library(randomForest) set.seed(17) # because plot is random iris.urf <- randomForest(iris[,-5]) iris.rfm <- MDSplot(iris.urf, iris[, 5], xlab="", ylab="", pch=abbreviate(iris[, 5], 1, method="both.sides")) Pal <- brewer.pal(nlevels(iris[, 5]), "Set1") Hulls(iris.rfm$points, as.numeric(iris[, 5]), centers=TRUE, usecolor=Pal) # asmisc.r

(We applied several tricks to show convex hulls and their centroids.)

**Figure \(\PageIndex{6}\) **Visualization of iris data with the help of “Random Forest”. Hulls and their centroids added with Hulls() function.

Package ranger implements even faster variant of Random Forest algorithm, it also can employ parallel calculations.

#### Gradient boosting

There are many weak classification methods which typically make high misclassification errors. However, many of them are also ultra-fast. So, is it possible to combine many weak learners to make the strong one? Yes! This is what boosting methods do. Gradient boosting employs multi-step optimization and is now among most frequently using learning techniques. In R, there are several gradient boosting packages, for example, xgboost and gbm:

**Code \(\PageIndex{14}\) (Python):**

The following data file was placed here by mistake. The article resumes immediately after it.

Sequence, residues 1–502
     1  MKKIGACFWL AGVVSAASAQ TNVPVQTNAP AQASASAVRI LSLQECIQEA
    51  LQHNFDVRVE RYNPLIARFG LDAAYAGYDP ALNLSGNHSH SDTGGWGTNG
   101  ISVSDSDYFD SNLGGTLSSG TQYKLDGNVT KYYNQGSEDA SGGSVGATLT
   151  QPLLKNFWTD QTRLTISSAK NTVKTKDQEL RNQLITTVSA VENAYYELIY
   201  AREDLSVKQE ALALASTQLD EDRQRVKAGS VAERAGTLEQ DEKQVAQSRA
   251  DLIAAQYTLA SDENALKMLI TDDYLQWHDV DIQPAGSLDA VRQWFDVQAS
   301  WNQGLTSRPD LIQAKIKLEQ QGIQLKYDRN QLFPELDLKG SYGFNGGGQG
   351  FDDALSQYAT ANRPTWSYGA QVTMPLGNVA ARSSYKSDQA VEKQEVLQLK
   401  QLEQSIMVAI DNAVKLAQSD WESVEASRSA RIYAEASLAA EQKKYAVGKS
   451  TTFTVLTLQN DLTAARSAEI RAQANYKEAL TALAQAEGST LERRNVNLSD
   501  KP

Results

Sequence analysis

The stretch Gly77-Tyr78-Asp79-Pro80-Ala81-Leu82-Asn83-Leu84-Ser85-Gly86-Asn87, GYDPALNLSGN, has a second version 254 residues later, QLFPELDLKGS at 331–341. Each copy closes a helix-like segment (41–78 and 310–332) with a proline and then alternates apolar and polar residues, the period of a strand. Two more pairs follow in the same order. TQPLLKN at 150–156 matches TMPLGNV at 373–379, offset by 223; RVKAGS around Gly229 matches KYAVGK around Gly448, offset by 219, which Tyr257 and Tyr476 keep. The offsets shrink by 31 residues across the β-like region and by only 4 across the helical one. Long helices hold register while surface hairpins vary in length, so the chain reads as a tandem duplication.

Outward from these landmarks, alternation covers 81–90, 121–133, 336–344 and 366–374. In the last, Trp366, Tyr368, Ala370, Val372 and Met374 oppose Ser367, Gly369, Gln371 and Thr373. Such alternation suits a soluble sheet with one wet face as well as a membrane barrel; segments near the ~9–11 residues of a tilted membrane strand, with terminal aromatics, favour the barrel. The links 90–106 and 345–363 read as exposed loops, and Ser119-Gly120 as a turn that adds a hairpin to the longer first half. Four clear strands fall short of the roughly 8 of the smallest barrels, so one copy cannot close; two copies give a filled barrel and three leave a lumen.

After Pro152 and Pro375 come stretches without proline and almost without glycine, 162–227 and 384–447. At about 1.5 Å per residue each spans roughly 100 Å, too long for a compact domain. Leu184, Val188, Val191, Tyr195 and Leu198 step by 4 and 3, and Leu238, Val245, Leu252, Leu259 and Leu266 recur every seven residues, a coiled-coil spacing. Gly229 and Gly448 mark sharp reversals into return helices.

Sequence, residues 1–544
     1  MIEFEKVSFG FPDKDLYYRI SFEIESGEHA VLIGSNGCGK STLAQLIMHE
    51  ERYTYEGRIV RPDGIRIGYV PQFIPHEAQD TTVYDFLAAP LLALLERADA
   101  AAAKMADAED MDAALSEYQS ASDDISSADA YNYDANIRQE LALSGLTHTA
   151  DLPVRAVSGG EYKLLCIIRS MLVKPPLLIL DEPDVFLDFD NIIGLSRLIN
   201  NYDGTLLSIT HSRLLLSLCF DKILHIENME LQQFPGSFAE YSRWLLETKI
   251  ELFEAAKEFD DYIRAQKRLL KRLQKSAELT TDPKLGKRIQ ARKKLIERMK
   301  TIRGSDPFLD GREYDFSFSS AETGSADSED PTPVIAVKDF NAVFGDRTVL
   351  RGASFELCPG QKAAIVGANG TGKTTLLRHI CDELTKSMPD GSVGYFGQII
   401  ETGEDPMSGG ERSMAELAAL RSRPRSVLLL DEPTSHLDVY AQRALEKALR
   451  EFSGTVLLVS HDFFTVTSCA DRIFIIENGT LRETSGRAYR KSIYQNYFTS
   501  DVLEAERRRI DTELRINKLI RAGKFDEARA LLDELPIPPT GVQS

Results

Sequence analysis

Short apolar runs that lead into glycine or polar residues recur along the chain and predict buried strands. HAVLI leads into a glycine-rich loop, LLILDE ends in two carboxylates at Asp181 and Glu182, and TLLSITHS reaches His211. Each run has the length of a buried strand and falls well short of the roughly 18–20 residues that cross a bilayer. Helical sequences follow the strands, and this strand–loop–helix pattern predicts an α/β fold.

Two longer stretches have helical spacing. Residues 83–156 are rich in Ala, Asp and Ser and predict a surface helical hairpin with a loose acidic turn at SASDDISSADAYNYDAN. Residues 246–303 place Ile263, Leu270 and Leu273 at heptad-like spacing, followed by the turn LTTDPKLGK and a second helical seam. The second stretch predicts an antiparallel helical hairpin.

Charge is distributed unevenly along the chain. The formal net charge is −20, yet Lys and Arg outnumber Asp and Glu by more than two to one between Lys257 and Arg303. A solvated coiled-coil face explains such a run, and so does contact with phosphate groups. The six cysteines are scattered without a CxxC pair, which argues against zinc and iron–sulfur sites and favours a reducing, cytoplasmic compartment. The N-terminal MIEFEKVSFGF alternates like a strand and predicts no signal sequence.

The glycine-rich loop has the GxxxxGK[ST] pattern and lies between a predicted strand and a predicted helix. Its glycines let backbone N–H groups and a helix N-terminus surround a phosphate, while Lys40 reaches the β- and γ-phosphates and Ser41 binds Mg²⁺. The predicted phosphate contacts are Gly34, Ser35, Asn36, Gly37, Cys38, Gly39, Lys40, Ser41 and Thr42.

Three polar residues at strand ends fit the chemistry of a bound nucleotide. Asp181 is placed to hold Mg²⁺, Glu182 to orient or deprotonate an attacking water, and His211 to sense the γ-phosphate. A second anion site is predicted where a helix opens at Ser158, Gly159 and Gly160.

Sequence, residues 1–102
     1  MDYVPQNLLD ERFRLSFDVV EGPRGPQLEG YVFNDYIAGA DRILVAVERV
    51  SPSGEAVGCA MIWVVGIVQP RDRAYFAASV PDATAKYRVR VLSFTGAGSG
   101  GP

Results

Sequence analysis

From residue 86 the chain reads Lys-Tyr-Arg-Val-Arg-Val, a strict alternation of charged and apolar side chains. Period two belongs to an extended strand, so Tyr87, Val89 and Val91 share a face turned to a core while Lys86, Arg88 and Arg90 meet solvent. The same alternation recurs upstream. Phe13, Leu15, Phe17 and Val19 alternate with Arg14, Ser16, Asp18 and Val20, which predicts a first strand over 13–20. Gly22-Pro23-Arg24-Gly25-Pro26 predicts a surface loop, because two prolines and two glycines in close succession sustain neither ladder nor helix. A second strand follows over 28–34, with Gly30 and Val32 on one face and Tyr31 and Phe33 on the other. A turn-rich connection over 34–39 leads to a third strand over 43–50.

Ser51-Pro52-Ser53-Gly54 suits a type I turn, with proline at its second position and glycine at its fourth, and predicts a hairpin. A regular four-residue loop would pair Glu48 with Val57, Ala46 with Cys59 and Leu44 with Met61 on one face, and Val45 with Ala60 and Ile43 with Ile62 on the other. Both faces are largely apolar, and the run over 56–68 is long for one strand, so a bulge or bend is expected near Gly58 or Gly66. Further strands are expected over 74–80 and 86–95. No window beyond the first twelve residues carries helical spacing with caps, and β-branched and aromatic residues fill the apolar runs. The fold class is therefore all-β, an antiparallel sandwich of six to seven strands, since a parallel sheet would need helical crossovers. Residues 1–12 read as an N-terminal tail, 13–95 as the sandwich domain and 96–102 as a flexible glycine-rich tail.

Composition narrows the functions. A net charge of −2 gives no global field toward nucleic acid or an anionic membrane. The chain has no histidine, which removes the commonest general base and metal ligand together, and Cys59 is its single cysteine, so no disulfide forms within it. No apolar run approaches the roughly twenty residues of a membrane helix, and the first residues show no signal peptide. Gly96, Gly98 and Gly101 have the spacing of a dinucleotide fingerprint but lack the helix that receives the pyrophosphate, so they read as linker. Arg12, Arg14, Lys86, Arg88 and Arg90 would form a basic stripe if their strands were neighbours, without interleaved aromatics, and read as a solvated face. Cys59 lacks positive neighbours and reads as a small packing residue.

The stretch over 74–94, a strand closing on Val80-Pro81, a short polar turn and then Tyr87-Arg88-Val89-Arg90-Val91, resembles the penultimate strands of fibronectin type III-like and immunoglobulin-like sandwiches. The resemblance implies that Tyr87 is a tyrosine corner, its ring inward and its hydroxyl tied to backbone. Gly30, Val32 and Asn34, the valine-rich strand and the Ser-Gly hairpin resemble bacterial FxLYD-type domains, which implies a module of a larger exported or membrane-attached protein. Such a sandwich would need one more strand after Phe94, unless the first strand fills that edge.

iris.train <- iris[seq(1, nrow(iris), 5), ] iris.unknown <- iris[-seq(1, nrow(iris), 5), ] library(gbm) set.seed(4) iris.gbm <- gbm(Species ~ ., data=rbind(iris.train, iris.train)) # to make training bigger Distribution not specified, assuming multinomial ... plot(iris.gbm) iris.gbm.p1 <- predict.gbm(iris.gbm, iris.unknown, n.trees=iris.gbm$n.trees) iris.gbm.p2 <- apply(iris.gbm.p1, 1, # membership trick function(.x) colnames(iris.gbm.p1)[which.max(.x)]) library(MASS) Misclass(iris.gbm.p2, iris.unknown[, 5])

(Plot is purely technical; in the above form, it will show the marginal effect (effect on membership) of the 1st variable. Please **make** it yourself. “Membership trick” selects the “best species” from three alternatives as gbm() reports classification result in fuzzy form.)

### Learning with proximity

*k-Nearest Neighbors algorithm* (or kNN) is the “lazy classifier” because it does not work until unknown data is supplied:

**Code \(\PageIndex{15}\) (Python):**

iris.train <- iris[seq(1, nrow(iris), 5), ] iris.unknown <- iris[-seq(1, nrow(iris), 5), ] library(class) iris.knn.pred <- knn(train=iris.train[,-5], test=iris.unknown[,-5], cl=iris.train[, 5], k=5) library(MASS) Misclass(iris.knn.pred, iris.unknown[, 5])